July 12, 2017
TRENTON, N.J. – Mitch Walding, a former fifth-round pick who went to the same Northern California high school as former Blue Jays third baseman Ed Sprague and current Phillies utilityman Ty Kelly, has always been confident in his ability to hit.
But if you would have told him two years ago that he’d be leading the Eastern League in home runs and tapped as a top seed for the league’s Home Run Derby at the All-Star Game, he would have probably thought you were giving him a hard time. The left-handed hitting third baseman had four home runs in 461 plate appearances over 120 games in 2015 at Class A Clearwater, one level below the Eastern League.
Walding had 13 home runs, total, in 412 games between Williamsport, Lakewood, and Clearwater in his first four seasons in professional ball.
So what happened in his fifth and sixth minor league season? Walding hit 13 homers to go alongside a .269/.366/.429 slash line in 123 games between Clearwater and Reading last year.
This year? He leads the Eastern League with 20 home runs at the break. Walding hit as many home runs in June (13) as he had in all of 2016.
“Early on in my career I was always kind of an opposite field hitter, it’s the way the swing was when I was in high school,” Walding explained Thursday afternoon in Trenton, where Reading was set to wrap up a series. “I never really knew how to truly pull a baseball, like a hard fastball, I didn’t know how to pull the ball or attack it correctly. It wasn’t until the end of 2015 when I started working with (hitting coaches) Andy Tracy and Rob Ducey on how to pull a fastball the right way.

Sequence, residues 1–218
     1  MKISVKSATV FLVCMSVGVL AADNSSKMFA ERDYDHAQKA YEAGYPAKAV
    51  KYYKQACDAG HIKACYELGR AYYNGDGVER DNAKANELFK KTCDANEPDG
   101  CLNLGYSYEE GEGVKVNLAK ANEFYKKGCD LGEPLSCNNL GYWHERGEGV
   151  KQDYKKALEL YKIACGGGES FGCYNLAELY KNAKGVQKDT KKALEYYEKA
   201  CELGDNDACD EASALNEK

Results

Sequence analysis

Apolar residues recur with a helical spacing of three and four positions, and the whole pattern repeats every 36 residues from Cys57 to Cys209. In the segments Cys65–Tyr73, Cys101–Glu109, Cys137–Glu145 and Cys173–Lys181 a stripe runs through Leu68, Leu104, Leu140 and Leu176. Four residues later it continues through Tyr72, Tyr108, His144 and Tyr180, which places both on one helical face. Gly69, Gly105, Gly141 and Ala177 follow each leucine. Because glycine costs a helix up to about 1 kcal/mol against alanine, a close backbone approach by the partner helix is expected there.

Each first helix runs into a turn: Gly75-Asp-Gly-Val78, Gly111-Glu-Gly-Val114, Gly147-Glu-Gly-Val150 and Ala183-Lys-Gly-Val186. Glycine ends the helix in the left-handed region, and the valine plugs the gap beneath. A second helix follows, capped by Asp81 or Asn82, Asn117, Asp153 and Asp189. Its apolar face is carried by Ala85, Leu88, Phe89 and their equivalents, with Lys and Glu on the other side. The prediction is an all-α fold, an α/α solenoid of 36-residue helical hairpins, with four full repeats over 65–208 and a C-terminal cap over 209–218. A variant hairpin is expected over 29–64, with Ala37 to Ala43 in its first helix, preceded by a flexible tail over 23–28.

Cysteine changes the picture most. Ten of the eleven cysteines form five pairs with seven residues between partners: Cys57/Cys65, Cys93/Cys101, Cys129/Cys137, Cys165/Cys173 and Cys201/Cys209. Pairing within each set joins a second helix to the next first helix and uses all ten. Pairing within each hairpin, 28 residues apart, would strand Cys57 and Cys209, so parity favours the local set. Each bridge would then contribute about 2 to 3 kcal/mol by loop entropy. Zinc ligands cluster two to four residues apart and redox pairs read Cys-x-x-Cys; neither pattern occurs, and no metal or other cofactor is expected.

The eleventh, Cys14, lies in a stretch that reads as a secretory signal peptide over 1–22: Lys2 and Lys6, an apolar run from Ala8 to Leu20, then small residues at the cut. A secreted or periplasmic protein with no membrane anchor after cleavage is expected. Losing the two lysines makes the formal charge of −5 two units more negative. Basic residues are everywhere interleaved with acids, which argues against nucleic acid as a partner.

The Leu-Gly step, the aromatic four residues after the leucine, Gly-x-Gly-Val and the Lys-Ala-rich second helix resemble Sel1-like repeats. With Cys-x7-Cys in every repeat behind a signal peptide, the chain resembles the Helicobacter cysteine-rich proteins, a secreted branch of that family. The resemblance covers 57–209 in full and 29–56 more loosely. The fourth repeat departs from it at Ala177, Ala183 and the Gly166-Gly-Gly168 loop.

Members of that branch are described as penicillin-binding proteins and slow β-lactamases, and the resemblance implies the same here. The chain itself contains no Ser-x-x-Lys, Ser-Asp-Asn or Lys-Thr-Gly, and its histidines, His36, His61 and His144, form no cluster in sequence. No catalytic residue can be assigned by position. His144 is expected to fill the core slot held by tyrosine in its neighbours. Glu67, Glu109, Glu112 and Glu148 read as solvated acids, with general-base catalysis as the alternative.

“That’s when I started to hit for more power, hitting more home runs, things started to turn around for me a little bit better. So I just had to fine-tune that swing. Basically getting the bat head out in front. I think that was a changing point in my career.”
For professional hitters, success fuels confidence, which, in turn, can sustain success. It’s the mindset often referred to in sports circles as being in the zone.
“He got a couple (of home runs) early in (June, a couple games of a couple,” Reading hitting coach John Mizerock said. “Hit a couple of them in Akron, sort of out of nowhere, maybe two days later a couple more. And he started feeling good about himself… and soon three becomes four and four became five, a couple more hits and then another one, then Player of the Week honors and you’re feeling pretty good and the next week starts out pretty good and you stay hot for a month. … In this day in age with everything being some quantifiable or numbers oriented, it’s a tough one to figure out. You watch his video from April, May, and June, throw it in a hat, you’re not going to know which one June was. It looks (the same), very minimal mechanical adjustments, not enough to make 13 home runs.
“It’s how he’s feeling about himself, how he’s walking up to the plate. You can’t put your finger on it. I’m sure someone will … there’s some gadget they’ll put on you to (grade) the positive aura coming off. But whatever it is, I’d like to do a test on him now. A couple weeks from now he goes into a slump I’ll ask him to remember June. I don’t know, what you had for lunch, how many cars you passed on the way in (to the ballpark). Try it again, dude. It worked then, no reason it can’t work again.”